Dylan’s Trouble No More Comes To BBC4

Unmissable Good Friday screening for film combining intense “Gospel Period” performances with mind-boggling new sermon footage.

Dylan’s Trouble No More Comes To BBC4

FIVE MINUTES INTO Jennifer Lebeau’s Bob Dylan documentary Trouble No More, a strange thing happens. We’ve seen a dusty-looking Bob Dylan lead his white-shirt-and-waistcoated band and small gospel choir through a mean and funky 1980 rehearsal of Jesus Met The Woman At The Well, plus a taunting live performance of Are You Ready, a fiery Armageddon blues, from Buffalo’s Memorial Auditorium in April, 1980, but we’re awaiting context – a voiceover or a talking-head to locate us in the story, give us some background and explain how we arrived here.

Instead, as the roar of Dylan’s crowd fades, the film cuts to the dark interior of a church, a man in a green, flared velvet suit walks through a shaft of murky yellow sunlight, and up to a raised lectern where he utters his first words: “Thou hypocrite! first cast the beam from thy own eye!”

Michael Shannon as The Preacher – channeling Born Again Bob?

Michael Shannon as The Preacher – channeling Born Again Bob?

So begins the second strange narrative of this peculiar and beguiling concert film, a bonus DVD in the Deluxe version of 2017’s Bootleg 13 box set now to be broadcast separately on BBC4 on Good Friday. It’s a series of sermons, written by the New York-based writer and critic Luc Sante, and delivered to a seemingly empty church by a fire-and-brimstone preacher played by Oscar-nominated actor and avowed Dylan fan Michael Shannon.

Lebeau, who began working with the Dylan camp in 1993, and has directed many of the documentaries that have accompanied previous Bootleg releases, admits that Trouble No More has been her most ambitious project to date.

“The idea was to let the performances speak for themselves,” Lebeau told MOJO. “This is Bob playing with one of his greatest bands ever: Jim Keltner, Fred Tackett, Spooner Oldham, Tim Drummond. It felt like gold all around. So, we wanted this to be about performance. Plus, there wasn’t much interest in what people had to say about this period, especially as we weren't going to hear from Bob himself. So we approached Luc Sante to write these genius sermons that would intersperse the songs, and we knew Bob wanted an actor of really great calibre and intensity to deliver them.”

“Apparently, Bob and his manager, Jeff Rosen, were scratching their heads, wondering who could play the preacher,” explains Michael Shannon, “and Jeff said, I was watching this movie, 99 Homes, last night and there’s this guy in it, Michael Shannon… Well, apparently Dylan said, Oh man, if you could get Michael Shannon, that would be amazing. When I heard that I was like, Bob Dylan knows who I am!? I could die a happy man, except, I have kids, so… but otherwise, yes, I could die a happy man.”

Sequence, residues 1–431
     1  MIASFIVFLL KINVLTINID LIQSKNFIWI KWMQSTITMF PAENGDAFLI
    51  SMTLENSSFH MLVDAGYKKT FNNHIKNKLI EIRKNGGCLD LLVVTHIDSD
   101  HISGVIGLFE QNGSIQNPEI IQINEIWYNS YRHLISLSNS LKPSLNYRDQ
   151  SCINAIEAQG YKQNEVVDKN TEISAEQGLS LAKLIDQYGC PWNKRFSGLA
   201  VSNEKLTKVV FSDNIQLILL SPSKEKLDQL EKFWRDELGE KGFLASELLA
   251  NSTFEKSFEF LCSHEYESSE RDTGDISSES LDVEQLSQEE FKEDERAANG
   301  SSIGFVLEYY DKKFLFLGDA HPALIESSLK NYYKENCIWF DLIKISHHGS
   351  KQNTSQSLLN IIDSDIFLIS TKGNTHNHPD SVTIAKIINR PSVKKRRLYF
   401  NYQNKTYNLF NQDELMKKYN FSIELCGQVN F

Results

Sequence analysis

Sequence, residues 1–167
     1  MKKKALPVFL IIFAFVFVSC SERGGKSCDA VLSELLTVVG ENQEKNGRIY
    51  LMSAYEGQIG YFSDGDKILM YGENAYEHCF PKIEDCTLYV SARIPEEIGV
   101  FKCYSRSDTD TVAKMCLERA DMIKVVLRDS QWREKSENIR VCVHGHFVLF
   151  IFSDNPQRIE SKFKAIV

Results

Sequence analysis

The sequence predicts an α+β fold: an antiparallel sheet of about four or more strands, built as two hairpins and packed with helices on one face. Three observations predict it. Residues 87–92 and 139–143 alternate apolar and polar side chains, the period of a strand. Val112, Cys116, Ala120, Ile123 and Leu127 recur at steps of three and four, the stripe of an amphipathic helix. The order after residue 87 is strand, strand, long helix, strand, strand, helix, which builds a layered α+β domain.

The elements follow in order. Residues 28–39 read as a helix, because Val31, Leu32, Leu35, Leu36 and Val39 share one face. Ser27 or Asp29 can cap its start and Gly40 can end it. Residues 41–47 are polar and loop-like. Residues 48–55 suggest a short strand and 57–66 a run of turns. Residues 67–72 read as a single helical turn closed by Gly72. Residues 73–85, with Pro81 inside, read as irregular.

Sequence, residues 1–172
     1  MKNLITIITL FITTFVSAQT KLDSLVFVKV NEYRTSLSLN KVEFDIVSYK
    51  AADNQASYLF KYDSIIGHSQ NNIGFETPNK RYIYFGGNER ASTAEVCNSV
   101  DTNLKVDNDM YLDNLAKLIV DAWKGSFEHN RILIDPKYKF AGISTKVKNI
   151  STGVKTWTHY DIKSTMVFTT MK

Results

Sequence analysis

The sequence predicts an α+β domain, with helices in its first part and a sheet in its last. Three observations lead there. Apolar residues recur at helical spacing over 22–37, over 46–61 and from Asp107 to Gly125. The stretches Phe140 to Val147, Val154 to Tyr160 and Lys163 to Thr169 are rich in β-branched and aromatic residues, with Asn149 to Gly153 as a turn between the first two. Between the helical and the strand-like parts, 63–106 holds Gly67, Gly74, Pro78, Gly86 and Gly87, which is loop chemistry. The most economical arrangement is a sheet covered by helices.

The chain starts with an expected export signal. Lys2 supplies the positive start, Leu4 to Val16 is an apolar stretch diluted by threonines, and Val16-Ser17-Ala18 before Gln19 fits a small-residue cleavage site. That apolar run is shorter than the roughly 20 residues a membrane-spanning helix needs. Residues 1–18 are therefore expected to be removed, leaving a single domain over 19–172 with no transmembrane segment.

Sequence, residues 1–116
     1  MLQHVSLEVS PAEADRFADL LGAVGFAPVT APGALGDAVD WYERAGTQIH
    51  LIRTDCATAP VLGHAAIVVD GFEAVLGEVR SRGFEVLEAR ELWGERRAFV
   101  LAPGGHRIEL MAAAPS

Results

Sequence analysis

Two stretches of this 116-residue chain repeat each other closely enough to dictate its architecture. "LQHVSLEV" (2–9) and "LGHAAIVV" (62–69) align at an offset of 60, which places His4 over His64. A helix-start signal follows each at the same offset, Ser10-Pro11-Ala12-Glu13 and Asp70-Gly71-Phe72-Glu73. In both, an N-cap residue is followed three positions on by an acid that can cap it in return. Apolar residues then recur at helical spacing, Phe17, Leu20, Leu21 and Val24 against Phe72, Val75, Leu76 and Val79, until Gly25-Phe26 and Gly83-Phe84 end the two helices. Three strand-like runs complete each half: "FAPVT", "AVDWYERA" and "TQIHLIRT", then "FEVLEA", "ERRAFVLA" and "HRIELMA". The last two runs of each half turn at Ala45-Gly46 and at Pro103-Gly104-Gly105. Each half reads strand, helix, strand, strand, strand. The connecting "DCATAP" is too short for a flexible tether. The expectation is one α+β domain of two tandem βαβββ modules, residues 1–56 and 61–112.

The sermons are clearly intended to mirror and illuminate Dylan’s performances, with Shannon’s preacher railing against wealthy hypocrites, junk food, capitalism, and “demon alcohol” as Dylan sings of retribution and salvation.

The preacher goes on his own journey through these sermons. That’s kind of like what Bob did.
— Michael Shannon

“You see the power and the pull of what Dylan was feeling at the time”, says Lebeau, “and it did feel important to get the sequence right so the sermons had some connection with the songs.”

“The preacher goes on his own journey through these sermons,” adds Shannon, “so that by the end of the film he’s kind of finished. He’s not going to give another sermon after this. That’s kind of like what Bob did. Bob got into this period, was really into it, and then he kind of stopped: ‘OK, I got what I needed out of this. I’m going to move on.’ I wanted the preacher to feel like that too: I don’t want this anymore.”

Possibly as a comment on the relatively small audiences that Dylan was playing to on his gospel tour (2000 capacity theatres as opposed to 15,000 capacity arenas) Lebeau also made the decision to film Shannon’s preacher without a visible congregation.

“During this period, Dylan took everything back down to an intimate level,” says Lebeau. “I didn't want any distractions from the intensity of the preacher’s words, but I also wanted the viewer to ask, Where are his congregation?”  

“Ultimately, he’s in an empty room,” says Shannon. “There’s nobody there. There’s a melancholy and a symbolism about that: You’ve finally got a man who’s speaking the truth of what Christianity is supposed to be, and there’s nobody there to hear it.”

Arena: Bob Dylan – Trouble No More will screen on BBC4 on Friday, March 30, 2018.